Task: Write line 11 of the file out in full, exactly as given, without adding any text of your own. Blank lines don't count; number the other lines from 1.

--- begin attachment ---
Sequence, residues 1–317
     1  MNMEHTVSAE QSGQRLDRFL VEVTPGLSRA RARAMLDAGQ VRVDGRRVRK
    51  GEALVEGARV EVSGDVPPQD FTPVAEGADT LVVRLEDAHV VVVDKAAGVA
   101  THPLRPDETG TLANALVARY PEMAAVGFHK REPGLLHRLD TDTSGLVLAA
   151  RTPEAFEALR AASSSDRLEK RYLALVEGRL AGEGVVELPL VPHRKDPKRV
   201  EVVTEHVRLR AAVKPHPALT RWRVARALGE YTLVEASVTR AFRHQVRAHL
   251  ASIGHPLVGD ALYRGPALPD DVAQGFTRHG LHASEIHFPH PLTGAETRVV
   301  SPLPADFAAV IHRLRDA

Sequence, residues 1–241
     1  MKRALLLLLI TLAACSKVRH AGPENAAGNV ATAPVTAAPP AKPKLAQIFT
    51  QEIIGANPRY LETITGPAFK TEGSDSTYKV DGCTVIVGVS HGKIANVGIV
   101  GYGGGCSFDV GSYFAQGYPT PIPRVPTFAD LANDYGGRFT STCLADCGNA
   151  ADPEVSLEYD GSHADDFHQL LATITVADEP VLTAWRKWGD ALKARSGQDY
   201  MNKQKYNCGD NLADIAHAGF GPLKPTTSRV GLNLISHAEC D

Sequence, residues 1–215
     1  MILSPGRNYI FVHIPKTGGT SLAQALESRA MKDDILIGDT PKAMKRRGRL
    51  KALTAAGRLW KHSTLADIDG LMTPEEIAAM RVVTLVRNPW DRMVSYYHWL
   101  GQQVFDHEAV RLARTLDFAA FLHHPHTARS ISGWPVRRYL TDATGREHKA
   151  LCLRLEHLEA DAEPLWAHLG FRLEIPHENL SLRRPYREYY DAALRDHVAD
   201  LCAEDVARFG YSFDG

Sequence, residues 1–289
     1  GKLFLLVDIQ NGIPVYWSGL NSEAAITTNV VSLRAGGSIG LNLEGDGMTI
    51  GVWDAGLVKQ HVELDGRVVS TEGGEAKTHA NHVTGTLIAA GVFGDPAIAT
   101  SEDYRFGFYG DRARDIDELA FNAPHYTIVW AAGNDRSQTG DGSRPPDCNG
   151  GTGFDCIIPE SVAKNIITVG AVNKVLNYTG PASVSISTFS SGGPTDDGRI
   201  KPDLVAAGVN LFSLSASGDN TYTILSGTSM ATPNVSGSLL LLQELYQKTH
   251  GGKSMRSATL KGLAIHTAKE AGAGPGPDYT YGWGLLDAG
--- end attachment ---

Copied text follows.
    51  QEIIGANPRY LETITGPAFK TEGSDSTYKV DGCTVIVGVS HGKIANVGIV